|Creating the fastest site possible|
what tools? html, xhtml, css, others?
| 5:47 am on Apr 4, 2002 (gmt 0)|
Hi i just wanted to ask the opinion of the board on what web creating style or language is the fastest for someone who is opening your page...HTML, CSS, Xtml, whats wrong with old fashion html. Is there faster?
| 6:04 am on Apr 4, 2002 (gmt 0)|
Hello SuperSoup! Less code, quicker load times. Simple.
Realistically, if you insisted on the absolute fastest loading pages, you would use no styles, no font declarations, no tables or divs; you would opt for straight html: a header, a couple of paragraphs and a link or two.
If you are looking to embellish your page with graphics, text and layout styles, then an optimized .gif or .jpg file or two for the images (be sure to include the height and width of each image) and CSS to handle the appearance of the page elements and layout.
Less can be more... make your styles count. You do not have to declare everything. Work your styles efficiently and you will have a quick loading page.
My work prefernce is XHTML & CSS, but which ever you choose, planning is key to execution. Consider all the elements needed to create a particular page and then arrange the optimally.
| 6:09 am on Apr 4, 2002 (gmt 0)|
Ever since I first started programming applications to go fast I learned that perception is way faster than speed. If the user has something to do or watch while you are downloading or processing than they are less likely to think your computer system is slow.
So far the people that I have sent to my website over the different versions have said it is faster now. They don't realize it is only perception because they can read the text while the graphics are downloading.
| 6:45 am on Apr 4, 2002 (gmt 0)|
> how many people won't see my page
Most of the world will never see our pages, not at all, and not ever, right?
So it's important to think clearly on issues such as this. The right question, IMO, is how many people WILL get to see our pages correctly.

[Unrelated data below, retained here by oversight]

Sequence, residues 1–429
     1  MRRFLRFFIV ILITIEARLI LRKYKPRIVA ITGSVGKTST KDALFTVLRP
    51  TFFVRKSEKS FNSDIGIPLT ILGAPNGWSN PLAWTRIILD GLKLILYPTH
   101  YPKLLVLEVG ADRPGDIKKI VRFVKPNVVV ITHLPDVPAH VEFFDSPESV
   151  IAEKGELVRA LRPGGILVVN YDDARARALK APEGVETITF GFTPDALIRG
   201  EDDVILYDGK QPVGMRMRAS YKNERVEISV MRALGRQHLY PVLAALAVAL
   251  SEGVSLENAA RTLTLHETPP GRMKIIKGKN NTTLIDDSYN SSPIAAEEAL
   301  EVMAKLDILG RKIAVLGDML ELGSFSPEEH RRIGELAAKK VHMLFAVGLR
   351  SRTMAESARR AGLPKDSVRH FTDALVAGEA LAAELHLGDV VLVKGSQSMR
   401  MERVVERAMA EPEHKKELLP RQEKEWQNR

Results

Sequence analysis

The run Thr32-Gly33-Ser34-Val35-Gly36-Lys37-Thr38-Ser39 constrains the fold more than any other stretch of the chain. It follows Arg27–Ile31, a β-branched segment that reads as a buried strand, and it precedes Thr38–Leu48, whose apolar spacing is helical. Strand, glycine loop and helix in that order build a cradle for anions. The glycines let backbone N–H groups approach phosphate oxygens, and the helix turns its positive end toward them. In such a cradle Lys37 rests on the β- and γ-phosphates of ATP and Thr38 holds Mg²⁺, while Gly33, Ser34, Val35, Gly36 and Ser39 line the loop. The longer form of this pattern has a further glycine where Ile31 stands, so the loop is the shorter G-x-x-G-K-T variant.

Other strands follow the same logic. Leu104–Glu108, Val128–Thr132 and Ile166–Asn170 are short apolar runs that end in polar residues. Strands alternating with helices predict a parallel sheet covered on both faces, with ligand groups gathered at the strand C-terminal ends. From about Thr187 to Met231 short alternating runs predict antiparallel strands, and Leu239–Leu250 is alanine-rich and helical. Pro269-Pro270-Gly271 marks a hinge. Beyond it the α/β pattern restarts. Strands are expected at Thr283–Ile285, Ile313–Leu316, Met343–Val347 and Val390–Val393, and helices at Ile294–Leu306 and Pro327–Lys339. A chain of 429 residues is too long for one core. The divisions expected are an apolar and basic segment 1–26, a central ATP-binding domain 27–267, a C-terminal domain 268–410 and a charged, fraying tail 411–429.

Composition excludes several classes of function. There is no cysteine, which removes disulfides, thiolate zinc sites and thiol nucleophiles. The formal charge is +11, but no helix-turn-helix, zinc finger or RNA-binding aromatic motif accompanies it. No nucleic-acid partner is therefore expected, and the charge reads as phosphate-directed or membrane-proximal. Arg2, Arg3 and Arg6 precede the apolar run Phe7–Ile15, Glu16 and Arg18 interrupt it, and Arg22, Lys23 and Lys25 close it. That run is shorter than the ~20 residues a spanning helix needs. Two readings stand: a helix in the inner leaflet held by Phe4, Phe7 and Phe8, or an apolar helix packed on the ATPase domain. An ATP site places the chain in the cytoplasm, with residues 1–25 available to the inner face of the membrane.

Let's talk about an example - a site that gets 10,000 page views per day, and say that 98% of visitors see the page "perfectly" because it validates and it only uses HTML 3.2 feature set and no client side scripting at all.
98% of 10,000 = 9,800 good pv's
85% of 20,000 = 17,000 good pv's
Which do you want? In the first case, only 200 page views were defective. In the second case, 3,000 page views were bad. I'll still take the second case.
| 6:57 am on Apr 4, 2002 (gmt 0)|
> perception is way faster than speed
A most important point.
I LOVE to place the page's primary content in an absolutely positioned div at the very top of the HTML. It comes roaring on screen within a second or two. No matter what else is going on from that point forward, the visitor has usable content and the feeling that the site is very fast.
| 7:24 am on Apr 4, 2002 (gmt 0)|
That is definately a different outlook than I was thinking. Right now, if you took off all the zeros from your numbers you would have my visitor count. Just getting back in after 8 years has kind of put me behind the curve ball.
Depending on your market will also depend on if they really care how long it takes to download your site. When I was searching for programs to generate 3D graphics I would go to sites and get another cup of coffee while the site downloaded. I would wait because the only way to see the quality of the product was to see its abilities. If I were searching through an online auction for something to buy, 20 seconds to see each page is forever.
Above everything, if you don't know the people you will attract to your site, you don't know the most import design specification. Your customer.
| 8:01 am on Apr 4, 2002 (gmt 0)|
Excellent, very excellent point Tedster! The added stickiness of good content presented creatively cannot be ignored.
By making a site more attractive and engaging while delivering quality content can result in a situation as you have described.
I know many already know my feelings regarding such issues... I know that the course I am following is resulting in a net increase of visitors... and return visitors.
Tedster... you really put it in perspective!